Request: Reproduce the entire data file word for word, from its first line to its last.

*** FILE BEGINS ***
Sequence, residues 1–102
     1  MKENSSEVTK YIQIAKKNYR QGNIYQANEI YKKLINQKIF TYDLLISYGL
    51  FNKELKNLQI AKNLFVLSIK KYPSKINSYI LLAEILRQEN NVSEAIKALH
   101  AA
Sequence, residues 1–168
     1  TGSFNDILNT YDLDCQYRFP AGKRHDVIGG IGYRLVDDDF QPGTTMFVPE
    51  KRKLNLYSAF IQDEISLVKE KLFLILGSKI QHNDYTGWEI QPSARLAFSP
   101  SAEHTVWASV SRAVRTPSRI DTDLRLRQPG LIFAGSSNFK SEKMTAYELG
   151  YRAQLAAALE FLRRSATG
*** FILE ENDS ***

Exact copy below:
Sequence, residues 1–102
     1  MKENSSEVTK YIQIAKKNYR QGNIYQANEI YKKLINQKIF TYDLLISYGL
    51  FNKELKNLQI AKNLFVLSIK KYPSKINSYI LLAEILRQEN NVSEAIKALH
   101  AA
Sequence, residues 1–168
     1  TGSFNDILNT YDLDCQYRFP AGKRHDVIGG IGYRLVDDDF QPGTTMFVPE
    51  KRKLNLYSAF IQDEISLVKE KLFLILGSKI QHNDYTGWEI QPSARLAFSP
   101  SAEHTVWASV SRAVRTPSRI DTDLRLRQPG LIFAGSSNFK SEKMTAYELG
   151  YRAQLAAALE FLRRSATG